• [0065]
    In this manner, the chamber 10 as a whole, including the liner 26, presents a suitable thermal profile to the wafer 12, to assure uniform deposition of a metal layer on the wafer 12. The liner 26 and the pedestal 22 are positioned relative to each other so as to optimize purge efficiency and gas flow.
  • [0066]
    Feedthrough for Process Gas
  • [0067]
    A source of process gas (not shown) may be installed above the chamber 10. However, because of the configuration of the chamber 10, it may not be convenient for purposes of operation or maintenance to have the source of process gas above the chamber 10. Accordingly, it may be preferred to have the source of process gas below the chamber 10 and to flow the process gas from below the chamber 10 to the mixing fixture 36 (FIG. 1) via a feedthrough.
  • [0068]
    Details of a feedthrough suitable for conveying the process gas from below the chamber 10 to above the chamber 10 are illustrated in FIG. 7, which is a vertical sectional view of a portion of the chamber body 14. In FIG. 7, reference numeral 94 generally indicates the feedthrough. The feedthrough 94 includes a heated tube assembly 96 installed in a bore 98 that has been vertically drilled in the chamber body 14. The heated tube assembly 96 includes a stainless steel (or other suitable material) tube 100 in which the process gas flows and a heater 102 that is cast around the tube 100 in epoxy. The heater 102 may be, for example, a clam-shell heater although other heaters may be used. Also associated with the tube 100 is a thermocouple, which is not separately shown. A gap 104 is defined between the heated tube assembly 96 and the bore 98. The heated tube assembly 96 is mounted at an upper end of the bore 98 by means of a stainless steel (or other suitable material) heat choke 106 and a thermal isolation ring 108. The isolation ring 108 may be formed of a thermally insulative substance such as Vespel (available from Dupont). An O-ring 110 provides a gas tight seal between the heat choke 106 and a heated block 112 (e.g., a metal block with a cartridge heater).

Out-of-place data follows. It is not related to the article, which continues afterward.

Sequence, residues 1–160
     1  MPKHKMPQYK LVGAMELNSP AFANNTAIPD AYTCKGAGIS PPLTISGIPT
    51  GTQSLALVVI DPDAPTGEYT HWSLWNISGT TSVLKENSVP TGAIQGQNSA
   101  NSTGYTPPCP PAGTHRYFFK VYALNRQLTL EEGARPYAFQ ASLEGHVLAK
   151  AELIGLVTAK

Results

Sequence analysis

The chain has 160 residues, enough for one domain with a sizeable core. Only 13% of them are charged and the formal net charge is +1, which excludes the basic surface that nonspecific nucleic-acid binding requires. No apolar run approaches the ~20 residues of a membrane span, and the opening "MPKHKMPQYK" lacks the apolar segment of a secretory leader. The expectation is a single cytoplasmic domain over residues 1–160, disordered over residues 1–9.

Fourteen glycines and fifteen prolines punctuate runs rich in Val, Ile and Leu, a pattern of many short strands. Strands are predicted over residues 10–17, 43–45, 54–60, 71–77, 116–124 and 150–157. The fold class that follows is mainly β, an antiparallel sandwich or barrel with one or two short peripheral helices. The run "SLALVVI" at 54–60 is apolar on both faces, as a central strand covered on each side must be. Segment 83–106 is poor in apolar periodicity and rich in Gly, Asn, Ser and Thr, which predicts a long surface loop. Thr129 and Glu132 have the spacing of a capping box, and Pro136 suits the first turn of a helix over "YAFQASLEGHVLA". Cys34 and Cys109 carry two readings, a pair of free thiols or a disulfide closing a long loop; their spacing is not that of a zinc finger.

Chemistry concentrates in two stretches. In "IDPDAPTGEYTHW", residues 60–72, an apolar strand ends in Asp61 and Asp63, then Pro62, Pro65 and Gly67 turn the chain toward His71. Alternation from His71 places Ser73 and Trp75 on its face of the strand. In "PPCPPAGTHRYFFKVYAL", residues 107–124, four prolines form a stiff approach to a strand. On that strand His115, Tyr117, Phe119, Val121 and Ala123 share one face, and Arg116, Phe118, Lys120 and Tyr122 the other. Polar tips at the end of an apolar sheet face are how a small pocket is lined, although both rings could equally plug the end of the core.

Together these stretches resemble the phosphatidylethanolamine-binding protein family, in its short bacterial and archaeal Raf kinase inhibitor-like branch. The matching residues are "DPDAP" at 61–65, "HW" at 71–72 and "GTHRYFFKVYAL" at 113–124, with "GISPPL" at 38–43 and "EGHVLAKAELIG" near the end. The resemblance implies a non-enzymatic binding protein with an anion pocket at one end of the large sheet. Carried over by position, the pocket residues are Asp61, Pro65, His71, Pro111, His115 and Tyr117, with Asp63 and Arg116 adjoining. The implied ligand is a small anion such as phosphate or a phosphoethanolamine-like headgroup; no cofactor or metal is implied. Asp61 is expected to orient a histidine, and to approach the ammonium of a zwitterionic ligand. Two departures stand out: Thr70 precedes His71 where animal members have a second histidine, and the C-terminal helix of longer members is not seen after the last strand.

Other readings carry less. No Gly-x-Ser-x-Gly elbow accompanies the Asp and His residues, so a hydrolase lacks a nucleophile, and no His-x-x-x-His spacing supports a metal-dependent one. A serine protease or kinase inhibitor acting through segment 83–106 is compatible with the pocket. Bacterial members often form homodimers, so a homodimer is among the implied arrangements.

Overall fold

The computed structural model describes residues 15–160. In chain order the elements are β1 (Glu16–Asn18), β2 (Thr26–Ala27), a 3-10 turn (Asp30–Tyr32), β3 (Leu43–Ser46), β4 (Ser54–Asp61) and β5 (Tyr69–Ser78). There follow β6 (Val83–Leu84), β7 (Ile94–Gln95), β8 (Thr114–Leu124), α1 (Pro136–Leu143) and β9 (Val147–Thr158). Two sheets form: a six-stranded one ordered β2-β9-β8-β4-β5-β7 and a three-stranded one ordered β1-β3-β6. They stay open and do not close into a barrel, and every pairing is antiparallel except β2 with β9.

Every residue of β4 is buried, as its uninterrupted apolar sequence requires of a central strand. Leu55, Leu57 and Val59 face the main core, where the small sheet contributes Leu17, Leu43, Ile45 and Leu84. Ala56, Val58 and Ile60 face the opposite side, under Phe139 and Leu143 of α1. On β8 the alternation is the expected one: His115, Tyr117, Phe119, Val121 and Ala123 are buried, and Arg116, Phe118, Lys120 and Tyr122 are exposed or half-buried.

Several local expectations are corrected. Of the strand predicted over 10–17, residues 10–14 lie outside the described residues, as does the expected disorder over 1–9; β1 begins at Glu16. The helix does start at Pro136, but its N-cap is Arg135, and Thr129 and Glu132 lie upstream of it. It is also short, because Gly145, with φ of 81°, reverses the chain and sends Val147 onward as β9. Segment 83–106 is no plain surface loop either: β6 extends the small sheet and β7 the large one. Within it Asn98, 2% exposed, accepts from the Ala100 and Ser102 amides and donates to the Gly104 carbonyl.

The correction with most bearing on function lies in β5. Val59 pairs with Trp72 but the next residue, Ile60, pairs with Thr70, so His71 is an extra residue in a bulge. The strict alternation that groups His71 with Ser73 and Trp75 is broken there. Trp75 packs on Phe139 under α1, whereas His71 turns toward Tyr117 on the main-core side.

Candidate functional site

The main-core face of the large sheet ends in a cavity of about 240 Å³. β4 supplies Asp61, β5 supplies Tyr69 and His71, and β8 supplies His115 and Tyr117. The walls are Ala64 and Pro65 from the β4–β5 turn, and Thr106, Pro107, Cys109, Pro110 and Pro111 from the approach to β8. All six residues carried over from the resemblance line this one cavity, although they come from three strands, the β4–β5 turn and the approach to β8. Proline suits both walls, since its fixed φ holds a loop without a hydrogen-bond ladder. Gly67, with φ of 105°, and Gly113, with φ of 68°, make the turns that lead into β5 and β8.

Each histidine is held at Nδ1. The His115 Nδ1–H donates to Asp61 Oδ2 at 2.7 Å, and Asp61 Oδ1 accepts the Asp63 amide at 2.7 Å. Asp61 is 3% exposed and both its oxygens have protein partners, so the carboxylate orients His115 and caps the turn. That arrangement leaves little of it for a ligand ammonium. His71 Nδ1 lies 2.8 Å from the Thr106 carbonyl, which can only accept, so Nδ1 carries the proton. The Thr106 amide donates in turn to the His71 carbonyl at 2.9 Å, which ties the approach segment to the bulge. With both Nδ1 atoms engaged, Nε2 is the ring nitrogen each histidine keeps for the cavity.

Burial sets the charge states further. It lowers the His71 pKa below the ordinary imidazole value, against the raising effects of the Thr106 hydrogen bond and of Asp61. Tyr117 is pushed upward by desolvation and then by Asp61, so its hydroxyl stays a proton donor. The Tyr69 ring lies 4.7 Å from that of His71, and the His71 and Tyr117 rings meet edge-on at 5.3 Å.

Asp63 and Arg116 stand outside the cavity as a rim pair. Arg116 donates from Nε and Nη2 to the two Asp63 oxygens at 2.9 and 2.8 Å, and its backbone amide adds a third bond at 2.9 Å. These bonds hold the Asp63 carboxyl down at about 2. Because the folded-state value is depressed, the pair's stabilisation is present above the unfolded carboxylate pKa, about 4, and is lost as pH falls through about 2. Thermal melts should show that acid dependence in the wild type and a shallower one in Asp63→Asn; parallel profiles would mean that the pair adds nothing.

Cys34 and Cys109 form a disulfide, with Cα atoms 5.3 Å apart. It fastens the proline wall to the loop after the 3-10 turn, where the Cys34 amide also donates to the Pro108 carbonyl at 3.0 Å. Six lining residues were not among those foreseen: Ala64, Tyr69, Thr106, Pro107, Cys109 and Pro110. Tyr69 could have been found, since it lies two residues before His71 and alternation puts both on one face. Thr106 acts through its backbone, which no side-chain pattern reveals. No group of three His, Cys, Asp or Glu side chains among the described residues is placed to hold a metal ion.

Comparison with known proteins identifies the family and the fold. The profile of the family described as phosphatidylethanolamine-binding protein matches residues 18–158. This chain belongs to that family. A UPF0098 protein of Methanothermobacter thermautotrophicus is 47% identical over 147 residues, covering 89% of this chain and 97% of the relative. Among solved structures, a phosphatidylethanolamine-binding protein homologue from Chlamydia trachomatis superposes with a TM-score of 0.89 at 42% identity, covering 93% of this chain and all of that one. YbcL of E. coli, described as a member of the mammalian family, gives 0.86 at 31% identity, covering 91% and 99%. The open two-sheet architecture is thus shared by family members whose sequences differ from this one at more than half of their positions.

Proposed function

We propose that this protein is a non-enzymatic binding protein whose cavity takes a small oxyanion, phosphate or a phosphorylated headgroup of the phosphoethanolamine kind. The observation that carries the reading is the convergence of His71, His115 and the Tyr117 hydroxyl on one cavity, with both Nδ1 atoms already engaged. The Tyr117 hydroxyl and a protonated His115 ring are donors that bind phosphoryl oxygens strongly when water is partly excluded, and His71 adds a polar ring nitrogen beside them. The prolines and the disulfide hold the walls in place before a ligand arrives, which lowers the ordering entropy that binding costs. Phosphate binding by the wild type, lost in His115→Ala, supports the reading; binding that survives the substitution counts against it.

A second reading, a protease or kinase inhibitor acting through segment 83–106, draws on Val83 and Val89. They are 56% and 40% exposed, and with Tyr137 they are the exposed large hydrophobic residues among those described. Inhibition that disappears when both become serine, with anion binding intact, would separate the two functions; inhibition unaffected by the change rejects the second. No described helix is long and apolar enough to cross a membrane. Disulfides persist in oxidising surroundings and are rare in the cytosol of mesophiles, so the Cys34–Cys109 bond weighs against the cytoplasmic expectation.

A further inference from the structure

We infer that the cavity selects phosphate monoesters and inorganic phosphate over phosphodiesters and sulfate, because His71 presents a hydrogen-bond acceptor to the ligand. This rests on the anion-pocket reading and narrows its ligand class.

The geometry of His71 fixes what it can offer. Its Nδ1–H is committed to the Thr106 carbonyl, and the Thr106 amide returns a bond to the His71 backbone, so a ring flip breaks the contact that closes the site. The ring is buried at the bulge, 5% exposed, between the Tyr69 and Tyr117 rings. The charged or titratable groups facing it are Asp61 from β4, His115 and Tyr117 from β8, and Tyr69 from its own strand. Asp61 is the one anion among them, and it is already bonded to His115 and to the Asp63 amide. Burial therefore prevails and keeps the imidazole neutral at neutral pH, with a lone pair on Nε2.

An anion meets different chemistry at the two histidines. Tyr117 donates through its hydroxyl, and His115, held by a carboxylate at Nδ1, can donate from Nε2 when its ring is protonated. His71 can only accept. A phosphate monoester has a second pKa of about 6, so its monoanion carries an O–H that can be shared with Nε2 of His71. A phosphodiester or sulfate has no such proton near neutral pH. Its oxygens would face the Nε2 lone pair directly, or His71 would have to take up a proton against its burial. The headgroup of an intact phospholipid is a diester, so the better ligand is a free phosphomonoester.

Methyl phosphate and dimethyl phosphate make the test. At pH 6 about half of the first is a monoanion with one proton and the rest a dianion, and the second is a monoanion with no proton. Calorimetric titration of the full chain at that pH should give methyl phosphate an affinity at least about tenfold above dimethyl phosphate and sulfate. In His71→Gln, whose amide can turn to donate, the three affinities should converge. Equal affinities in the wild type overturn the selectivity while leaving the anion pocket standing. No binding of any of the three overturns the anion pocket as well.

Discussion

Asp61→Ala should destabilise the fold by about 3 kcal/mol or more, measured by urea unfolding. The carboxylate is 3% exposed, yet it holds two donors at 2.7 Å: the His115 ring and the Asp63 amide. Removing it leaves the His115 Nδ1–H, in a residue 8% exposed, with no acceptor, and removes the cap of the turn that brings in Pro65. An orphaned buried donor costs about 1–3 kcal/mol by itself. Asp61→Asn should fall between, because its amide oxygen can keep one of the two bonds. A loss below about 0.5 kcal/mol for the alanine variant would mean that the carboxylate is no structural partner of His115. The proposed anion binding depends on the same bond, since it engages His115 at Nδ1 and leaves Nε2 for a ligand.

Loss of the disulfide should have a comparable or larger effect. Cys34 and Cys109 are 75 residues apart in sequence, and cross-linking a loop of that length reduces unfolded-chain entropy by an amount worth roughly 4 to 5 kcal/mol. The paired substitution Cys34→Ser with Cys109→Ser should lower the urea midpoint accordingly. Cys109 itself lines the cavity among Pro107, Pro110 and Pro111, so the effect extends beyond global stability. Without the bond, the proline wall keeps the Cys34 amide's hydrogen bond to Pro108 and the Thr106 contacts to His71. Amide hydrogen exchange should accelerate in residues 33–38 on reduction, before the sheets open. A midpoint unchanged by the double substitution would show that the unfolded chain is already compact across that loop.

• [0069]
    Another thermal isolation ring 114, which may also be formed of Vespel, is provided at a lower end of the bore 98. A nut 116 holds the isolation ring 114 and the heated tube assembly 96 in place. A heater jacket 118 (e.g., a heater filament in silicon rubber) surrounds a lower end of the heated tube assembly 96.
  • [0070]
    In accordance with conventional practice for a cold-wall deposition chamber, the chamber body 14 may be maintained, for example, at a temperature at about 35 C. On the other hand, in one embodiment of the invention the heater 102 may be operated to maintain a temperature inside the tube 100 in the range of 65-110 C. Thus, the heated tube assembly 96 can maintain the process gas at a temperature that is high enough to prevent condensation of the process gas, while the gap 104 and other thermal isolation features prevent the heated tube assembly 96 from heating up the chamber body 14.